The select committee investigating the Capitol riot issued subpoenas on Thursday to five members of congress, including House Minority Leader Kevin McCarthy, R-Calif., after all five lawmakers refused to provide the panel with testimony.
Apart from McCarthy, the committee has served Reps. Mo Brooks, R-Ala., Andy Biggs, R-Ariz., Scott Perry, R-Pa., and Jim Jordan, R-Ohio.
The move is an extraordinary escalation as committee leaders have deliberated issuing subpoenas to their congressional colleagues for months, according to CNN. It comes just a month before the committee plans to hold public hearings on various lawmakers' possible involvement in Donald Trump's effort to overturn the 2020 election.
In a press release, the panel's chairman, Rep. Bennie Thompson, D-Miss., said that it "has learned that several of our colleagues have information relevant to our investigation into the attack on January 6th and the events leading up to it."
"Before we hold our hearings next month, we wished to provide members the opportunity to discuss these matters with the committee voluntarily. Regrettably, the individuals receiving subpoenas today have refused and we're forced to take this step to help ensure the committee uncovers facts concerning January 6th," Thompson added.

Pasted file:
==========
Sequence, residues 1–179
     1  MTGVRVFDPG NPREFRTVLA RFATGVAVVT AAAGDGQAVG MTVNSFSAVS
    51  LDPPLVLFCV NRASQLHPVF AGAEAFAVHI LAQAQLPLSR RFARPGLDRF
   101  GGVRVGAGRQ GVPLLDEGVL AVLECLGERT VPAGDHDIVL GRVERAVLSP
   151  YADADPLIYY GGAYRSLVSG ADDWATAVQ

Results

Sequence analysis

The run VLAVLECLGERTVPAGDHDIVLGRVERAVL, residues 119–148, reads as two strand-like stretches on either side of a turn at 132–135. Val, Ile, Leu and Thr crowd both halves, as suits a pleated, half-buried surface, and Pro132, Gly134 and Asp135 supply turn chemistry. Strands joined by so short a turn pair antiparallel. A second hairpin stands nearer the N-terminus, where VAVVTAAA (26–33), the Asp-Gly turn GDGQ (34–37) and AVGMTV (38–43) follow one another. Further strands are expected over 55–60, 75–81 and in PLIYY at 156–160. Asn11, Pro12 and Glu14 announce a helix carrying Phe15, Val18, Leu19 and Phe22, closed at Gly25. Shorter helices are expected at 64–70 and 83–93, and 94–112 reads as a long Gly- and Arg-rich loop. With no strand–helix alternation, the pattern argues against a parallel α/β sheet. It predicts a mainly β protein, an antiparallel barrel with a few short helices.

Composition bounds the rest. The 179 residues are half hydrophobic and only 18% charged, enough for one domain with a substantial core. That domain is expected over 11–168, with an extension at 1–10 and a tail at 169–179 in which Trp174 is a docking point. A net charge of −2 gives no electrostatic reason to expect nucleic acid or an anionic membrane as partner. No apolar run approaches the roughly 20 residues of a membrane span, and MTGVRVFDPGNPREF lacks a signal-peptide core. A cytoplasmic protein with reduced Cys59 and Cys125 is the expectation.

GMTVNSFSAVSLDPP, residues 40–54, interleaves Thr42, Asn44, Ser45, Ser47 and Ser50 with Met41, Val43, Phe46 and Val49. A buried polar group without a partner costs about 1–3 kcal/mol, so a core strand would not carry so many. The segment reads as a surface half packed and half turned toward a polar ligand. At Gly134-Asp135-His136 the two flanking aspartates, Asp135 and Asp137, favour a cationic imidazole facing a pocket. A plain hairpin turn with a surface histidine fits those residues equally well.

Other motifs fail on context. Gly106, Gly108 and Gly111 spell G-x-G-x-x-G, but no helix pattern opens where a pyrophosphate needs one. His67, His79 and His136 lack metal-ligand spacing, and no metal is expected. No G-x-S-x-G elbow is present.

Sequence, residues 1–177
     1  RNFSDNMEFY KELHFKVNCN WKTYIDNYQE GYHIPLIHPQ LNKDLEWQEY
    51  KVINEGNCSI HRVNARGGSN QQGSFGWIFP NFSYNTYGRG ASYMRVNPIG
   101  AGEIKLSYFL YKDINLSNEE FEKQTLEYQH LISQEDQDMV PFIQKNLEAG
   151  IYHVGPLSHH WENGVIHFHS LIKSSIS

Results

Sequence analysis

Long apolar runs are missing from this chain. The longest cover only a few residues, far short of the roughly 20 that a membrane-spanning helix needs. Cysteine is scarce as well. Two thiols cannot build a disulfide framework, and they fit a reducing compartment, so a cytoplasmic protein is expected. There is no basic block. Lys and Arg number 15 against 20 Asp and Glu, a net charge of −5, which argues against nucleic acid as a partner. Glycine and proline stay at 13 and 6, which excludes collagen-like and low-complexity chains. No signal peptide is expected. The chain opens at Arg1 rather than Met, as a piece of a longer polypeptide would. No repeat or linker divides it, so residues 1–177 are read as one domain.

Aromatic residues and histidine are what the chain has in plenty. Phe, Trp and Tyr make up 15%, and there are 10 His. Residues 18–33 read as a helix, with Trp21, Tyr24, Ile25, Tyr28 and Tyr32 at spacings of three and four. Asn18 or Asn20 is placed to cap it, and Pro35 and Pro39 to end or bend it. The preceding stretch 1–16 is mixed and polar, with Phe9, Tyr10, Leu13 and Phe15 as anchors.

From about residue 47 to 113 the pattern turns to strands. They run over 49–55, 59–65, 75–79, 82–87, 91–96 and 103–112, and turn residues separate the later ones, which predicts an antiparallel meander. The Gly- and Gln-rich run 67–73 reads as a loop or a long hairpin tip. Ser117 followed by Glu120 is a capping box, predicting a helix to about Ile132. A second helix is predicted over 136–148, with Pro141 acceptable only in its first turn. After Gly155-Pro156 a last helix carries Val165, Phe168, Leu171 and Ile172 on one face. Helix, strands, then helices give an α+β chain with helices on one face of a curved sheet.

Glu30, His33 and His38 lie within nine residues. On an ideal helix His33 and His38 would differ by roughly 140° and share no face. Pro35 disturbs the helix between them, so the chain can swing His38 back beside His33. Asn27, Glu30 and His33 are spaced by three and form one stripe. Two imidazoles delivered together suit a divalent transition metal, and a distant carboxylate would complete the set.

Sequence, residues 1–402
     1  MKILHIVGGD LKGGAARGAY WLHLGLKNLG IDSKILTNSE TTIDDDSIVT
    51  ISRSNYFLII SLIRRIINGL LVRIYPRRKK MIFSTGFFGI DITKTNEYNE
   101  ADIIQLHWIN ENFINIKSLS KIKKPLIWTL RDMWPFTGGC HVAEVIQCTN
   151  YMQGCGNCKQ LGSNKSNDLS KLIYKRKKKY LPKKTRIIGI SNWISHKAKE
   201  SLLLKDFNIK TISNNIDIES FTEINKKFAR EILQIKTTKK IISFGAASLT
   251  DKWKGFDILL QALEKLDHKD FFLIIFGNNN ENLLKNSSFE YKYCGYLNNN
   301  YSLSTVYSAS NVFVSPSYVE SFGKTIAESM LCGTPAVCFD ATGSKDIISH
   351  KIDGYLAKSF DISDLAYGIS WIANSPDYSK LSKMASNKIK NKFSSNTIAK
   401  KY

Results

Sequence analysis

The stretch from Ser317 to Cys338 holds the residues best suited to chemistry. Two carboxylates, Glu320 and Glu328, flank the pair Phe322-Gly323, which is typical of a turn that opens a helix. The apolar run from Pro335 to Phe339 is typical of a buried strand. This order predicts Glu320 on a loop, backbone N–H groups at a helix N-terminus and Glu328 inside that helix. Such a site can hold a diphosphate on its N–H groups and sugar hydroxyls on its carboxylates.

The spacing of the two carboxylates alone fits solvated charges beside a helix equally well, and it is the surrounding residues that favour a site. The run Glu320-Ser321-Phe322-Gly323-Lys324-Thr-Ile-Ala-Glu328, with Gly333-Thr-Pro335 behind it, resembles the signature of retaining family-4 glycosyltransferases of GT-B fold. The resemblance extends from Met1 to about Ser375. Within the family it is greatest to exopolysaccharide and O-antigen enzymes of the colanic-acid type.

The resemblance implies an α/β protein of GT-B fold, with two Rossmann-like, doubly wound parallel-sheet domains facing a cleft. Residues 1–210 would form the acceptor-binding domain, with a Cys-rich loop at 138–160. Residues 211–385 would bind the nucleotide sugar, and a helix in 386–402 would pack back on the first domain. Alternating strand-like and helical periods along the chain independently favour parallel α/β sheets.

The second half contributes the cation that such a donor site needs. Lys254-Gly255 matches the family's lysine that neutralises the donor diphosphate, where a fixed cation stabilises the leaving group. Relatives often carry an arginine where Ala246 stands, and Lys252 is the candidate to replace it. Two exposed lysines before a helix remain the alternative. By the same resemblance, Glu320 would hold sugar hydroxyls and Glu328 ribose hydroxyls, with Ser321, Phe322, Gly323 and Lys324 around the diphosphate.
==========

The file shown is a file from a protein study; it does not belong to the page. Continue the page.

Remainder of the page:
McCarthy, the panel said, "was in communication with President Trump before, during, and after the attack on January 6th" and "claimed to have had a discussion with the President in the immediate aftermath of the attack during which President Trump admitted some culpability for the attack."
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Perry, meanwhile, was reportedly "involved with efforts to corrupt the Department of Justice and install Jeffrey Clark," a former Trump-backed DOJ official who attempted to use the agency's resources to investigate bogus claims of election fraud.
Perry also reportedly "had various communications with the White House about a number of matters relevant to the Select Committee's investigation, including allegations that Dominion voting machines had been corrupted."
According to CBS News, the committee believes that Biggs played a role in a scheme, known as the Green Bay Sweep, to have former Vice President Mike Pence reject the electoral votes of certain battleground states that Trump lost in the election. Bigg also reportedly had a hand in bringing protesters to the Capitol on January 6.
Back in January, McCarthy rebuffed the panel's attempt to question him, calling the committee "illegitimate" and claiming that he had "nothing else to add." Immediately after the riot, McCarthy pinned some of the blame on Trump, though he has since remained an avowed follower.